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Guns and drugs? Some rappers inflate hustler image
Thu Jun 4, 2009 8:30pm EDT
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By Christine Kearney
NEW YORK (Reuters) - Rick Ross sold hit albums rapping about selling crack cocaine but a revelation that he once worked as a prison guard threatened to end his career.
For a rapper cultivating a bad-boy image, a uniform put him on the wrong side of the law.
U.S. rappers often sell songs about drugs and guns based on "real-life" stories, but increasingly some of those stories are being exposed as embellishments aimed at helping them build successful careers, experts say.
"Some of the stories are fabricated and some of it is reality, and what they are doing is mixing the two," music executive Devyne Stephens said. "When you say you shot and killed somebody and you put it on a CD, nine times out of 10, you really didn't shoot and kill anybody."
Ross is a bearded, burly Miami rapper who brags of a cash-fueled, drug-boss life. His real name is William Leonard Roberts II but he takes his stage name from a drug trafficker.
So he was publicly humiliated when pictures surfaced of him last year through The Smoking Gun website looking clean-cut in a correctional officer's uniform.
Ross at first denied his past, then admitted it but maintained his drug-dealing tales of the street were true.
His third album, released in April and featuring titles such as "Rich off Cocaine," still sold well.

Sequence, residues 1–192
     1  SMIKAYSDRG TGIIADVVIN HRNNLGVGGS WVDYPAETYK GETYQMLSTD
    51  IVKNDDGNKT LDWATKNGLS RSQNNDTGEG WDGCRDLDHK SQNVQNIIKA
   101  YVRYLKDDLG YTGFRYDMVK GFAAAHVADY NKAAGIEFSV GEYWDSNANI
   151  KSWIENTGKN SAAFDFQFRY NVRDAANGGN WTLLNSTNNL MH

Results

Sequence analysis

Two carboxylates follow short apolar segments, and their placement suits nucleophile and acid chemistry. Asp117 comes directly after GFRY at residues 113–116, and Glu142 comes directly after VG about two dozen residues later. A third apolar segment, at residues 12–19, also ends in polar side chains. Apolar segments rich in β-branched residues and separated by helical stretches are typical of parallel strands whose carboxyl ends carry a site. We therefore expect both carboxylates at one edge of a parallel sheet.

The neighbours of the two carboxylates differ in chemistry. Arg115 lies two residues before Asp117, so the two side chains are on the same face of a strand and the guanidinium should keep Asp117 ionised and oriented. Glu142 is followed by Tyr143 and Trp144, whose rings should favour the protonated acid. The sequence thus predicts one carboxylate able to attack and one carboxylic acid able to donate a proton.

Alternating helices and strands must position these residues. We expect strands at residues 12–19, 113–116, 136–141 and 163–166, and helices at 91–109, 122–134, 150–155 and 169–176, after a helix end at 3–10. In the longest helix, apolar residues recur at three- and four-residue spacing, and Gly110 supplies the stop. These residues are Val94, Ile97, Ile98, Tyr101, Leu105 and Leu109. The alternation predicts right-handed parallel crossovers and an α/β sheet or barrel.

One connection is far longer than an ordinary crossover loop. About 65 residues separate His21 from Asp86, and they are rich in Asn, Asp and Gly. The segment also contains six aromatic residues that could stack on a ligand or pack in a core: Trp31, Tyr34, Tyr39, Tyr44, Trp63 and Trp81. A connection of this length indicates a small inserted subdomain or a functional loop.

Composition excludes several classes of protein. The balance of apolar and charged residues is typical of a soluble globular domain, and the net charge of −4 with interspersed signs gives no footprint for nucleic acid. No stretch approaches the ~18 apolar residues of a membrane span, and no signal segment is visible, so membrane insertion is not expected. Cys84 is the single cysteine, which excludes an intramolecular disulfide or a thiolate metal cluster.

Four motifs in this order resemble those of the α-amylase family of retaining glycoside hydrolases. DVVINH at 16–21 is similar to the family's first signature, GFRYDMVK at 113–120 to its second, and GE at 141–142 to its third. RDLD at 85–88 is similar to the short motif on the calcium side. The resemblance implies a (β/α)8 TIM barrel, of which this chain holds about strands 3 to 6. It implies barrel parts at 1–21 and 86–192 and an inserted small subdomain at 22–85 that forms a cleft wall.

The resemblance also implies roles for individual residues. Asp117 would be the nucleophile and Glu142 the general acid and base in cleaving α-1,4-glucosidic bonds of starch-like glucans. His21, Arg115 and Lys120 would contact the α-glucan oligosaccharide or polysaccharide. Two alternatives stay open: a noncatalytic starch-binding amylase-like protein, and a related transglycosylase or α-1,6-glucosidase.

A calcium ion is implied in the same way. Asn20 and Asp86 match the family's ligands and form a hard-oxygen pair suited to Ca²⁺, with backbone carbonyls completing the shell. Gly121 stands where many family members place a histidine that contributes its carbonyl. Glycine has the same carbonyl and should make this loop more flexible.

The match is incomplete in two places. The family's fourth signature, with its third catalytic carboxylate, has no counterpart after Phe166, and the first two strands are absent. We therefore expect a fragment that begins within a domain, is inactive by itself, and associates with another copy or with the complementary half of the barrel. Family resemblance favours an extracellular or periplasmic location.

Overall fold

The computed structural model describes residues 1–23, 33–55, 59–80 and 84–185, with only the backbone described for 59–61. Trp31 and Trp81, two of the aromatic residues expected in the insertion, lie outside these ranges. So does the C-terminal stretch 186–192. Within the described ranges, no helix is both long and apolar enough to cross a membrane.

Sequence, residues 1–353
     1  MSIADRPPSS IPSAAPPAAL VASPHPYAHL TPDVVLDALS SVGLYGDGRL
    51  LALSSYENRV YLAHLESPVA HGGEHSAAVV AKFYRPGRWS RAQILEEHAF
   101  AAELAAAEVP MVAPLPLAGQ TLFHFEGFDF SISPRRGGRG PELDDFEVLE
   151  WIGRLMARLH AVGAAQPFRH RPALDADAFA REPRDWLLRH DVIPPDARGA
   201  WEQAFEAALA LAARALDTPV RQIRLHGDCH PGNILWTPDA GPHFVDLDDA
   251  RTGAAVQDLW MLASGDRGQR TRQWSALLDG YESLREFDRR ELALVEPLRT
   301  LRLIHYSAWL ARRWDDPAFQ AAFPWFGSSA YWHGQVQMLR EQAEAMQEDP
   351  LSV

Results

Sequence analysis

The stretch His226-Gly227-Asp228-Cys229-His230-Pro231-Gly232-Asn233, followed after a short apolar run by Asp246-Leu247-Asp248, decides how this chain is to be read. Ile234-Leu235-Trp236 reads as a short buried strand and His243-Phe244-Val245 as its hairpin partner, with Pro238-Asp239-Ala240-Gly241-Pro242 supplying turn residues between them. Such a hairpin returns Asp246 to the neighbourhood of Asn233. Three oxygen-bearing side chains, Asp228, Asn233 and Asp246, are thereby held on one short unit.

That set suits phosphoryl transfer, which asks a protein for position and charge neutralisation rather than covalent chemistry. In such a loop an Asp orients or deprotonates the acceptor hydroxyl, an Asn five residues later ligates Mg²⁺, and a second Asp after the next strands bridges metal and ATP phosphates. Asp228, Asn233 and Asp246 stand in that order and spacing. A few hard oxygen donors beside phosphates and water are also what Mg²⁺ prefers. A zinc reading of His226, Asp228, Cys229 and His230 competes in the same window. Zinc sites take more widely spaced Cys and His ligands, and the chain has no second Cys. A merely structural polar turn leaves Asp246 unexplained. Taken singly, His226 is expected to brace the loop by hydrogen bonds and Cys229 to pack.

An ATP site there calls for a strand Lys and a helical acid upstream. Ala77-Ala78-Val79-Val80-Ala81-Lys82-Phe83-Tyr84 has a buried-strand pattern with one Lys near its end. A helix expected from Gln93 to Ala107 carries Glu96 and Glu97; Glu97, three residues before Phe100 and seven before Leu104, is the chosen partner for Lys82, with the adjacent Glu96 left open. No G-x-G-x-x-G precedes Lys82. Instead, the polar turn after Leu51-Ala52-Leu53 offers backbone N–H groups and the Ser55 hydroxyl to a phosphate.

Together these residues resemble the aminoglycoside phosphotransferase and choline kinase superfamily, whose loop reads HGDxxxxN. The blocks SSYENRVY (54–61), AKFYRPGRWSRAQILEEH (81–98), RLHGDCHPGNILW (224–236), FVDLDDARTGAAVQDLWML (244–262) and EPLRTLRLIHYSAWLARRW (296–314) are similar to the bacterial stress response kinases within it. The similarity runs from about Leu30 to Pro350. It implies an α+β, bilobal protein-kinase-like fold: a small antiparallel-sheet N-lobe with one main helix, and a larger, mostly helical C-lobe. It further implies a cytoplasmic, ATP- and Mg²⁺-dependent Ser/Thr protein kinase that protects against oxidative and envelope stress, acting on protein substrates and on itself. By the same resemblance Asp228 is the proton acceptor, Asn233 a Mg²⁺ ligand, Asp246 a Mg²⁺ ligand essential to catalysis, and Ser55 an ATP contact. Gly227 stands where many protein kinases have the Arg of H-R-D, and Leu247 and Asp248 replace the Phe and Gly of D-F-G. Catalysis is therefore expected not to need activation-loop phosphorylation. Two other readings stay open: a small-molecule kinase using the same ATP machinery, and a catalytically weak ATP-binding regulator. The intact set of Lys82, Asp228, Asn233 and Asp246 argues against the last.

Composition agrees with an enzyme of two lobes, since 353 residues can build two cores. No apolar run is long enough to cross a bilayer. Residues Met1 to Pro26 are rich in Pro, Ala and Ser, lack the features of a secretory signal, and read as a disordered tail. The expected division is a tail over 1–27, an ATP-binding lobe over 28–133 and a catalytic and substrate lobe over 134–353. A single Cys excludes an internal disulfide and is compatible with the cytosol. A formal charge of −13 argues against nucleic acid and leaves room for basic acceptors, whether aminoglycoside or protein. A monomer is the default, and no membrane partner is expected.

HUSTLING TO ST. TROPEZ
Stephens, who has been hailed as an image branding king and has worked with artists including Mary J. Blige, Usher, Sean "Diddy" Combs and Nelly, said many rappers mix lines in their songs that aren't literally true but draw from real experiences or stories they have heard.
He says "probably 85 per cent" of rappers embellish stories in songs and calls the current trend "reality music" which, like reality television, is something of a misnomer.
Stephens helped groom another successful U.S. rapper, Akon, who has had hits like "Locked Up" and "Ghetto." Akon was ridiculed last year and accused of dramatically enhancing claims of belonging to a car theft ring and having served prison time.
The new crop of rappers want to emulate the success of rappers-turned-moguls like former New York drug dealers Jay-Z and 50 Cent, who both sold albums based on their transformations from street hustling to popping champagne.
"You formulate that story to make it just as interesting as the Jay-Z story," Stephens said, describing an outline of: "I am a hustler, I came from nothing and turned it into something and now I am on yachts in St. Tropez."
Jay-Z, married to superstar Beyonce Knowles, is now one of the world's wealthiest musicians, having signed a deal reportedly worth $150 million with concert promoter Live Nation. Continued...
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